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Genetic Genealogy Advice for Newbies, Part II

Yesterday we began to look at an email conversation I had recently with Jasia from The Creative Gene about genetic genealogy.

Jasia began by asking whether she should test both her and her mother’s mtDNA (I advised her no, because they would be the same sequence), and then we talked about testing her father’s mtDNA. Since her father could not be tested directly, Jasia wondered if her brother could provide a sample of her father’s mtDNA. I explained that although her brother could provide a sample of her father’s Y-DNA, she would have to find other sources for her father’s mtDNA, including her father’s sisters or brothers, or the children of her father’s sisters. She responded:

“Fortunately, my dad came from a large family including 6 sisters 4 of which had children. So I have cousins a plenty and can probably find one of them to help me out with a little saliva ;-)

“So is the mtDNA more valuable to the genealogist than the Y-DNA? Does it give more/different information? Would there be a benefit to having my brother’s Y-DNA tested as well as one of my paternal cousin’s mtDNA?”

With lots of sisters and cousins, it looks like Jasia won’t have any problem finding someone willing to help her out with this endeavor. She’s very lucky in this respect – in many families, the sources of DNA either don’t exist or have disappeared forever.

Her next question is also one that many people ask. Why test both mtDNA and Y-DNA? How are the results different and is either test more informational than the other? Here’s how I answered:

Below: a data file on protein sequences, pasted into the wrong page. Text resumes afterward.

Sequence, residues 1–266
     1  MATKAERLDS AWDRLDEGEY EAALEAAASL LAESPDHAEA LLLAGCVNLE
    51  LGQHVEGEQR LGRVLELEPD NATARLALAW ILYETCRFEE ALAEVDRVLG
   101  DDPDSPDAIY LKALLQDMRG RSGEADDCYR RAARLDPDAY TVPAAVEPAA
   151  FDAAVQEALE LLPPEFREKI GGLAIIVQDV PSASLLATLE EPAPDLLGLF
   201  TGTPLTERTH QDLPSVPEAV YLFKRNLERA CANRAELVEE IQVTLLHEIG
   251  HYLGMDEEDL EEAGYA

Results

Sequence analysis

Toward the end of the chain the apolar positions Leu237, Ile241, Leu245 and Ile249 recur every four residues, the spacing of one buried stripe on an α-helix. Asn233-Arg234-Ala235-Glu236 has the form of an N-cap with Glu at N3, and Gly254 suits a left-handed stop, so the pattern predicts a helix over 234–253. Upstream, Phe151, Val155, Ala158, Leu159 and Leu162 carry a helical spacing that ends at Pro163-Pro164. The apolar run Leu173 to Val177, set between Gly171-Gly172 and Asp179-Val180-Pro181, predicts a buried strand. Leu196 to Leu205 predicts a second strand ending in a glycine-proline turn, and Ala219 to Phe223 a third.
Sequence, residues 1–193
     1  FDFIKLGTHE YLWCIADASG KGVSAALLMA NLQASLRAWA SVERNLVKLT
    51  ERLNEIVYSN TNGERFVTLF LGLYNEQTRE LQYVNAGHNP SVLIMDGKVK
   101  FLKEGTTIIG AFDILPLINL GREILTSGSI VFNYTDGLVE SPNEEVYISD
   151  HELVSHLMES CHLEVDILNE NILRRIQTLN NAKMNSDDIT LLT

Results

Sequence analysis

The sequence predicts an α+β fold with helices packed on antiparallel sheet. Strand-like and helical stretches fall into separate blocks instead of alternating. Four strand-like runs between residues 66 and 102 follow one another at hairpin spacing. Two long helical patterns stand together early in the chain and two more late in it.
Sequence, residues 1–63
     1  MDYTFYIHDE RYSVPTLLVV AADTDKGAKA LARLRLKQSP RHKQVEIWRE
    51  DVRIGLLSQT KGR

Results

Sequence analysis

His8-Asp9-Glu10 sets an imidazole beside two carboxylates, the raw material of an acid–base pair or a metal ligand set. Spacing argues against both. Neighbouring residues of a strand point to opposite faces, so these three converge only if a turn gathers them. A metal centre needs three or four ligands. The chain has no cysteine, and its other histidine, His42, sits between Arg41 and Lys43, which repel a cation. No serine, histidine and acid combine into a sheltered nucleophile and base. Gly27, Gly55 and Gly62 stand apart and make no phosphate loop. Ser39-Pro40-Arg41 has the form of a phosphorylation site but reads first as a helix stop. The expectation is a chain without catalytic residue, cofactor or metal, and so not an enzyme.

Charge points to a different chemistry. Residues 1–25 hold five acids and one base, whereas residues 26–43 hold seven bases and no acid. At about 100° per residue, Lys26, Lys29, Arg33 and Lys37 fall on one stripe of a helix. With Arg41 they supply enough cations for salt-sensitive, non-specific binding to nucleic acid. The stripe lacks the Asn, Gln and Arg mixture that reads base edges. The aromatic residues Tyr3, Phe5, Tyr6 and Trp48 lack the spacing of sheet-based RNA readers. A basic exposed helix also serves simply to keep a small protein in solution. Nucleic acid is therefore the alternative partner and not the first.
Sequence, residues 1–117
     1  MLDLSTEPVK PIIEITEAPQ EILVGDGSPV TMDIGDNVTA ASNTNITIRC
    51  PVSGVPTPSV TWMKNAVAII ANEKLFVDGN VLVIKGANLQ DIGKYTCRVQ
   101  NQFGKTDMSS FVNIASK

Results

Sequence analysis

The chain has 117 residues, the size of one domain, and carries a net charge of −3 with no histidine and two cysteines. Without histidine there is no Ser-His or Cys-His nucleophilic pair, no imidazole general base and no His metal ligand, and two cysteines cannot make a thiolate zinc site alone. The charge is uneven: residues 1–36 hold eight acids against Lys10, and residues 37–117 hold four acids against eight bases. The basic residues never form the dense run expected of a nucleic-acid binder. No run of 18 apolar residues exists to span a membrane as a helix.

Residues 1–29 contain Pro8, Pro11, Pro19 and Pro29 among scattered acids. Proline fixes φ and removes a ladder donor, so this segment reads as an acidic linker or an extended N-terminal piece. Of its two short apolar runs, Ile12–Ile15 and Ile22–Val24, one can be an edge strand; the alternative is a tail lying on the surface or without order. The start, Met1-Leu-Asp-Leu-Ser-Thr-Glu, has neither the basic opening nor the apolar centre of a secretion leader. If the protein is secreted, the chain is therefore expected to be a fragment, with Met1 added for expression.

“I’m not sure I would say that mtDNA is more informative than Y-DNA, or vice versa. They’re just different. The result of an mtDNA test reveals your maternal lineage all the way back to a haplogroup founder. My mtDNA test, for example, revealed that my maternal lineage belongs to Haplogroup A, a Native American haplogroup. My wife’s mtDNA belongs to Haplogroup H, a European haplogroup.

“The results of a Y-DNA test will tell you much the same thing, except that Y-DNA traces the paternal lineage. The results will put the Y-DNA into a haplogroup family, and that information will tell you about the origin of the Y-DNA. One of the benefits of Y-DNA testing is that it is associated with a surname. There are many surname groups that a person can join once they have the results of their Y-DNA. The theory goes that people with the same surname are more likely to have the same Y-DNA (that is, they are more likely to be paternally related).

“So, each test will tell you something about the line that it traces, either the maternal line or the paternal line. For me, having both pieces of information was fun, mostly for the sake of knowing it and learning more about my own ancient roots.

Jasia then suggested that I write up the correspondence as a blog post to help out all the other newbies out there. I’d like to thank her for the fun and interesting correspondence, and for the idea and permission to write about it! If you can, I suggest you go check out her site, The Creative Gene.

You can read Part I in this series here.

Blaine Bettinger

Intellectual property attorney, genealogist, and author of The Genetic Genealogist since 2007

3 Comments

  1. Very interesting and informative. I’ve run across many surnames studies that test only the male lineage but I really knew nothing about mtDNA.

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